With mortgage rates on the rise, refinancing may seem like a risky proposition. But if you opted for an adjustable mortgage, your rates are likely higher than today’s rate.
Refinancing is different than getting a mortgage for the first time. If you’ve been paying consistently, you’ve already established a good track record that will make it easier to get a new loan.
Because of the constant demand for real estate in the Nation’s Capital, you’ll find that even with the ups and downs of the real estate market your home’s value is most likely higher than when you purchased, especially if you’ve owned your home for decades or more.
The following information will help you understand what you need to know about refinancing.
Know Why You’re Refinancing
Before learning the how, you need to have a why. Why do you want a new loan? This may affect what you can borrow and the programs available to you.
Also consider the fact that refinancing means starting the 30-year mortgage repayment clock over again. While that lower monthly payment may be tempting, if you’re not far from paying off your loan can you afford to add another 30 years of debt?
Common reasons to refinance include:
- Debt consolidation
- Conversion to a rental property
- Change in income
- Preparation for retirement
Research Refinance Rates and Scenarios
Not all lenders are created equal. While your local bank or credit union is the logical place to start, don’t forget about smaller companies that can provide more personal service. The competitiveness of the DC market works to your advantage, and you’ll find it easy to find lenders to help.
In addition to comparing rates, use a refinance calculator to look at different scenarios and find what works best for your situation.
Check and Repair Your Credit
Like mortgage lenders, getting refinanced is largely dependent on your credit. Lenders use an average of your credit score from the three major credit bureaus when determining your ability to repay a loan.
Start by getting a copy of your credit report from Experian, Equifax and TransUnion. Examine them closely for any errors and immediately dispute every inaccuracy. This includes closed accounts, inaccurate balances and unknown charges.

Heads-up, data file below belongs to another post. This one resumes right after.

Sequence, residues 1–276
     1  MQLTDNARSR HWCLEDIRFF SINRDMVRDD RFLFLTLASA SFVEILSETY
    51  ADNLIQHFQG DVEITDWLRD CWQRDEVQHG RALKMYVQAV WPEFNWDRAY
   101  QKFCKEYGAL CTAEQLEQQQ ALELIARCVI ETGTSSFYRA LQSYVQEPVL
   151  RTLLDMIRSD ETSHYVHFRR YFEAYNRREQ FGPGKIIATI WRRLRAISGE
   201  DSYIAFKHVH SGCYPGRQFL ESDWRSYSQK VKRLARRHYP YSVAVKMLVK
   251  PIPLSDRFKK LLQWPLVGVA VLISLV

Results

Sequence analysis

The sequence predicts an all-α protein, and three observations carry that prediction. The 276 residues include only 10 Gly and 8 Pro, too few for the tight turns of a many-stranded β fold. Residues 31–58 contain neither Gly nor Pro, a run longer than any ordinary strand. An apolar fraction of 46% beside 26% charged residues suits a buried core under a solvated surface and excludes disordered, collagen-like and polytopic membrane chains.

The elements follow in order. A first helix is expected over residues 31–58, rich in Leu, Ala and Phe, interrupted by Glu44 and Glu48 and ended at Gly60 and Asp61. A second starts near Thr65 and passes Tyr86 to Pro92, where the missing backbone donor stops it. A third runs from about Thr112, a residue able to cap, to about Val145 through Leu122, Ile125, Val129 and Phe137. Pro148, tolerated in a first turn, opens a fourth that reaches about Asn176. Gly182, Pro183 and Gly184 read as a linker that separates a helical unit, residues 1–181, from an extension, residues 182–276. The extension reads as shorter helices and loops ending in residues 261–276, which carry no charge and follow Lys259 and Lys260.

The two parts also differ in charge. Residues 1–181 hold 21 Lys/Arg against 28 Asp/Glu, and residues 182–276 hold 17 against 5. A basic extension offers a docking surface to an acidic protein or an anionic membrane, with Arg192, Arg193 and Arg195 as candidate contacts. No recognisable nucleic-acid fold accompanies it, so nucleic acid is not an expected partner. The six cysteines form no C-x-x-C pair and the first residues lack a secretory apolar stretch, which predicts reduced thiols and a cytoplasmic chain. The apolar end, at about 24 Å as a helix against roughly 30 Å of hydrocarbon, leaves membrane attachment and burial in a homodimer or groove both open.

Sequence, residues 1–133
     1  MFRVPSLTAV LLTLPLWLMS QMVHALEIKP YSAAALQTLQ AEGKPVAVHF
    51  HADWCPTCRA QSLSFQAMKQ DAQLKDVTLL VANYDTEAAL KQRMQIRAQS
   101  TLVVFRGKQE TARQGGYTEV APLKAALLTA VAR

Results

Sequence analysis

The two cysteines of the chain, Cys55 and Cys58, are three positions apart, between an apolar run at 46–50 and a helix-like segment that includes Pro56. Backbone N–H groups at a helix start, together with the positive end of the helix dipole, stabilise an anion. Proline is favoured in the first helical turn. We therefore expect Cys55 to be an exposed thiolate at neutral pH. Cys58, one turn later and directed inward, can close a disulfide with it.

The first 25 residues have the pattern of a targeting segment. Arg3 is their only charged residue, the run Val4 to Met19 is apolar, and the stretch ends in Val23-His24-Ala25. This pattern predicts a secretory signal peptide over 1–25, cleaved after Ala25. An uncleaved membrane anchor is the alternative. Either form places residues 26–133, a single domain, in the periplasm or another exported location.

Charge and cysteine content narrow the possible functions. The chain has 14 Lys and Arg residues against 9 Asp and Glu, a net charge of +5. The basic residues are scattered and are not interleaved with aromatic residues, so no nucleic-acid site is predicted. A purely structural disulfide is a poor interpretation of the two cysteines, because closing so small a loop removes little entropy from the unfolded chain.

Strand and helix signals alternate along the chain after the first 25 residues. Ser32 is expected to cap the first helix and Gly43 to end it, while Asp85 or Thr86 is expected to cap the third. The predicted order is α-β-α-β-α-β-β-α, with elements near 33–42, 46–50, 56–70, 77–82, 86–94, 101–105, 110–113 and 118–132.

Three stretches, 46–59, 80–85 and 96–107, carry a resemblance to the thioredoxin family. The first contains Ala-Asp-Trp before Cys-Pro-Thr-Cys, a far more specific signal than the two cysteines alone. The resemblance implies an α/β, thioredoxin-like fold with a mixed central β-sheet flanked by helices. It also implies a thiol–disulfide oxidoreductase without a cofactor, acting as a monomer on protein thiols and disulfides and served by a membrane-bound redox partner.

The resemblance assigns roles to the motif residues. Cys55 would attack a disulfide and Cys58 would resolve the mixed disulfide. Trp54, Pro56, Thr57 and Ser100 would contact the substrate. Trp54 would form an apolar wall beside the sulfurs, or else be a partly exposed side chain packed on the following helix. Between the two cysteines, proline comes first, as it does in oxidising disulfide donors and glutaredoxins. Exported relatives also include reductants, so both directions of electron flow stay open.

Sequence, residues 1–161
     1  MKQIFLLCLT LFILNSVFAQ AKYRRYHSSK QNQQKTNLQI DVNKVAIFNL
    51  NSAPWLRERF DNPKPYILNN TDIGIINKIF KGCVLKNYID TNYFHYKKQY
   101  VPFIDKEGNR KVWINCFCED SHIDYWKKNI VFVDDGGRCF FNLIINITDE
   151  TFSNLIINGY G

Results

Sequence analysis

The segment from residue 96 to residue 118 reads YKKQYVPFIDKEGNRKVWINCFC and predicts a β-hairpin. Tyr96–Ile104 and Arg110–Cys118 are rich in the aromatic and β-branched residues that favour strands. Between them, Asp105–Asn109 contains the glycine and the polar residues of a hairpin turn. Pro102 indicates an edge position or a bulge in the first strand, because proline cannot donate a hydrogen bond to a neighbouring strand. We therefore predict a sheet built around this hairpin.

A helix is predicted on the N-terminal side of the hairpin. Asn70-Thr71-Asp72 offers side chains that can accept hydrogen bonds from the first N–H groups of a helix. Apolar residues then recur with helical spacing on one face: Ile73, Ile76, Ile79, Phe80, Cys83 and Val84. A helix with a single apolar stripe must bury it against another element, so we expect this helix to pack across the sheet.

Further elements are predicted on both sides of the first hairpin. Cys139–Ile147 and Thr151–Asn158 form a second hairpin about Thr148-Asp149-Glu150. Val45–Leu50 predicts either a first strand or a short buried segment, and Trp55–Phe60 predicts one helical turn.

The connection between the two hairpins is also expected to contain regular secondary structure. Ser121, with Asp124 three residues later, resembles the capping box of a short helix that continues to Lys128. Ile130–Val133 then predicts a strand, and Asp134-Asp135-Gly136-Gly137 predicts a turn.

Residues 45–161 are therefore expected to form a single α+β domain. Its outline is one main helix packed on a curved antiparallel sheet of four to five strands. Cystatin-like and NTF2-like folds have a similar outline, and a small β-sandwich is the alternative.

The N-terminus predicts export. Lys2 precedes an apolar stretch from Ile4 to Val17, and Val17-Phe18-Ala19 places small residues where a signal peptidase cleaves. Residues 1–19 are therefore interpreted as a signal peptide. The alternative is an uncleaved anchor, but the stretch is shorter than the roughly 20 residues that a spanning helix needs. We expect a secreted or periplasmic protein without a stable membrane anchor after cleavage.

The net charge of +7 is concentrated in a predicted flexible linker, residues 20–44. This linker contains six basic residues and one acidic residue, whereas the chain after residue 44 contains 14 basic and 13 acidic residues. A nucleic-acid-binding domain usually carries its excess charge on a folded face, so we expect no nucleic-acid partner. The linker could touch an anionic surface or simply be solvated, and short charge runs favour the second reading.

It will take some time to get the information back, so get your reports fast. If you want your score, you’ll need to pay for it.
When it comes to paying old debt, start with the newest debt first. Obligations that have been inactive for a long time will become active again if you begin making payments.
Know Your Options
Depending on your reasons for refinancing, there may be programs available to help. The HARP program deadline expired on December 31, 2016, but your local or state government may still have help available if you’re struggling to make your payments. It’s unclear if the DC HomeSaver program will still be available in 2017.
If your goal is to do some much needed repair on your home, many of the programs available to homebuyers also allow you to refinance your current mortgage. The FHA’s 203(k) loan and Fannie Mae HomeStyle Renovation program both provide funds for construction.
Contact a Mortgage Broker
After determining the reason for your refinance, repairing your credit, checking rates and exploring your options, choose a mortgage broker or lender that will work for you. Brokers offer a wider range of products from a variety of lenders, so if you’re having trouble, they may be the best option.
Don’t let changing mortgage rates deter you from refinancing if you have a strong reason for doing so. With a little bit of research and the right lender, good deals are still around.